Business Overview

PRICE JUST REDUCED! This Burlington County, NJ liquor store for sale is one of the oldest establishments in town. This liquor store shows high profitability and margins. To add, a new owner has the option to add a bar to the location. Current rent plus all occupancy costs is below market at only 4% of Gross Profits!

This retail liquor business offers convenience, excellent selection, and knowledgeable staff. The business is operated mostly by employees.

The seller has a second profitable business not mentioned here but could be included with the purchase of this Liquor Store making this a two businesses for one deal.

Contact Satish Suri for more details.

Financial

  • Asking Price: $1,700,000
  • Cash Flow: $515,000
  • Gross Revenue: $2,700,000
  • EBITDA: N/A
  • FF&E: N/A
  • Inventory: $270,000
  • Inventory Included: N/A
  • Established: 1970

Detailed Information

  • Property Owned or Leased:N/A
  • Property Included:N/A
  • Building Square Footage:N/A
  • Lot Size:N/A
  • Total Number of Employees:3
  • Furniture, Fixtures and Equipment:N/A
About The Facility:

Convenient location with a parking lot and plaza with neighboring businesses that bring in traffic. Many customers feel the location is convenient and fast to get in and out.

Is Support & Training Included:

4 weeks training at no additional cost.

Purpose For Selling:

Other interests

Pros and Cons:

Pros include recession/pandemic-proof, low competition due to NJ state regulation, inventory has a long shelf life which means lower unsellable inventory, year-round demand, and no need to advertise.

Opportunities and Growth:

Expansion opportunity includes adding space for a bar. Seller may add additional income to the buyer at no additional costs. To be discussed confidentially.

Additional Info

The venture was established in 1970, making the business 52 years old.
The deal won't include inventory valued at $270,000*, which ins't included in the asking price.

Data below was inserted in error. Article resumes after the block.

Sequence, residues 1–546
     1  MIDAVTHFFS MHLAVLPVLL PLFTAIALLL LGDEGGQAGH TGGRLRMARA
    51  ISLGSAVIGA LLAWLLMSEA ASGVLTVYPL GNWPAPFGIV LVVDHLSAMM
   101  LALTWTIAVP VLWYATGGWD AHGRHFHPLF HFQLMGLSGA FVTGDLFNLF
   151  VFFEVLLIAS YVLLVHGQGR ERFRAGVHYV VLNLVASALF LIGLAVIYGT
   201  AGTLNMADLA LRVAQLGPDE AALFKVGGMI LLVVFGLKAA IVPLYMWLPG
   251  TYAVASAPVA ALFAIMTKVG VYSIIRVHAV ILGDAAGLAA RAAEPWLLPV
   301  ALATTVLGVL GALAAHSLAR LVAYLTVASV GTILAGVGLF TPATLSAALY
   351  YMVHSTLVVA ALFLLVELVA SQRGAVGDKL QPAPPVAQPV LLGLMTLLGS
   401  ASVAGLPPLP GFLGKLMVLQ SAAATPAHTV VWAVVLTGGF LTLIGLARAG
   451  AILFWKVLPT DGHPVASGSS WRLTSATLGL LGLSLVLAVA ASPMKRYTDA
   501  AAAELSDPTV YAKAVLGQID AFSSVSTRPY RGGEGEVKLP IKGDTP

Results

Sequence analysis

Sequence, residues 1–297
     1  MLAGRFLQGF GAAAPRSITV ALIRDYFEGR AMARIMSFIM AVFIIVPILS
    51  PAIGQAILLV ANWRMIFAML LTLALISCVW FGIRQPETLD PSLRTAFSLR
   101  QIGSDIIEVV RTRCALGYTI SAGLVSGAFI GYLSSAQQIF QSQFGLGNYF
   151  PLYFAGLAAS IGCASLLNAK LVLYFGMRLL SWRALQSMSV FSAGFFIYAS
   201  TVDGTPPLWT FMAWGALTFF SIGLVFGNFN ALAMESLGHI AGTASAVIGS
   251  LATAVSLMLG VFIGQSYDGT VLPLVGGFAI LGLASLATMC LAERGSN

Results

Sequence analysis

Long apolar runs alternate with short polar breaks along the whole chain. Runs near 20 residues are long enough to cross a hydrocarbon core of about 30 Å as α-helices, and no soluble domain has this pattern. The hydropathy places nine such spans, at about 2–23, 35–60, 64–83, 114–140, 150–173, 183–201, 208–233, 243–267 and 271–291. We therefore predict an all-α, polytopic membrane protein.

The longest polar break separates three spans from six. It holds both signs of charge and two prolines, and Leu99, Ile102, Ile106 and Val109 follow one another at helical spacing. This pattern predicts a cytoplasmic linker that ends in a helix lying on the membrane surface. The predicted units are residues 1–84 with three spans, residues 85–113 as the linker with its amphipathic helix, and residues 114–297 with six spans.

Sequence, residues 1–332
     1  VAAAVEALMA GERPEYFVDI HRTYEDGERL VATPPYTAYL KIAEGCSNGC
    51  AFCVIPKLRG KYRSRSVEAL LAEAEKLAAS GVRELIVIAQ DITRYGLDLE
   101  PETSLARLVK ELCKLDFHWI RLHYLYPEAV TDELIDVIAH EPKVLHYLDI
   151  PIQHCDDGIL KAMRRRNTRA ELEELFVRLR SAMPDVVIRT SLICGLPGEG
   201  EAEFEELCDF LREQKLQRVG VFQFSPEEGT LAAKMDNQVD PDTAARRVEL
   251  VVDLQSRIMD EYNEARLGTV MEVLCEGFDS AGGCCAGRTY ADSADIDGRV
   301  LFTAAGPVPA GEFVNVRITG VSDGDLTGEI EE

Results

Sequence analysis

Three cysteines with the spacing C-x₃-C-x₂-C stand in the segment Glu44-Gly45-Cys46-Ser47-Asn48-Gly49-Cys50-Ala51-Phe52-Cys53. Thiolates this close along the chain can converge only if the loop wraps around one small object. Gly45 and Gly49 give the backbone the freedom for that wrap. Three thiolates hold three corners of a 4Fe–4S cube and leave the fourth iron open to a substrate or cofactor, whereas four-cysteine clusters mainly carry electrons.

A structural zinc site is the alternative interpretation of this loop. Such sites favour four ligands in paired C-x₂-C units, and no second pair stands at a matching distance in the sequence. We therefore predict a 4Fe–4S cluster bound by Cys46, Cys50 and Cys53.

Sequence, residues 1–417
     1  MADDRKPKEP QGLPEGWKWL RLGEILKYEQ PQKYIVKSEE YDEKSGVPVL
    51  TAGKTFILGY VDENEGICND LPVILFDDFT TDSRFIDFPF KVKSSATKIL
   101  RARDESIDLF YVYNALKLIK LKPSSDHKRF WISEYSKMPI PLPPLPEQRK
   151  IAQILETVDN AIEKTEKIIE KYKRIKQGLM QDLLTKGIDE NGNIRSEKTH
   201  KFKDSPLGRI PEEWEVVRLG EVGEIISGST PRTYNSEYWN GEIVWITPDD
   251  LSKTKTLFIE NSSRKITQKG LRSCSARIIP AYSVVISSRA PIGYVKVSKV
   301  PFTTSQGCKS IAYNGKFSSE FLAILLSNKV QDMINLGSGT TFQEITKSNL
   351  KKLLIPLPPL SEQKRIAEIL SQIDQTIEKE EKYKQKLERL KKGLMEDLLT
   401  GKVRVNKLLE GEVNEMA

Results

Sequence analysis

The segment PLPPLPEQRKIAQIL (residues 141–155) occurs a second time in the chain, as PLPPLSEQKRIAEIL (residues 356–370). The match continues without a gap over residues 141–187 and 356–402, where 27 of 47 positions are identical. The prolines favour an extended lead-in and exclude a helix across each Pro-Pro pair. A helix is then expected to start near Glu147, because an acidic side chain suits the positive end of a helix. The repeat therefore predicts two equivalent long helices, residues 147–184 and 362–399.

Why is the Current Owner Selling The Business?

There are all kinds of reasons people resolve to sell companies. However, the true factor vs the one they tell you might be 2 totally different things. For instance, they might say "I have a lot of various responsibilities" or "I am retiring". For lots of sellers, these factors stand. But, for some, these might simply be justifications to attempt to conceal the reality of transforming demographics, increased competition, recent decrease in profits, or a variety of other reasons. This is why it is extremely essential that you not depend entirely on a seller's word, but instead, utilize the seller's answer in conjunction with your overall due diligence. This will paint an extra practical picture of the business's existing scenario.

Existing Debts and Future Obligations

If the existing company is in debt, which lots of companies are, then you will certainly have reason to consider this when valuating/preparing your deal. Many businesses borrow money with the purpose of covering items such as inventory, payroll, accounts payable, and so on. Bear in mind that sometimes this can suggest that revenue margins are too tight. Lots of companies fall into a revolving door of taking on debt as a way to pay back other loans. In addition to debts, there may likewise be future obligations to take into consideration. There may be an outstanding lease on equipment or the structure where the business resides. The business may have existing contracts with vendors that need to be fulfilled or might result in fines if canceled early.

Understanding the Customer Base, Competition and Area Demographics

How do companies in the location attract new consumers? Often times, operating businesses have repeat customers, which develop the core of their day-to-day earnings. Specific aspects such as new competition sprouting up around the area, roadway building and construction, and personnel turn over can affect repeat customers as well as negatively influence future revenues. One crucial thing to consider is the location of the business. Is it in a highly trafficked shopping mall, or is it concealed from the highway? Undoubtedly, the more people that see the business often, the greater the opportunity to build a returning client base. A last idea is the basic location demographics. Is the business located in a largely inhabited city, or is it situated on the outskirts of town? Just how might the regional mean house income impact future earnings prospects?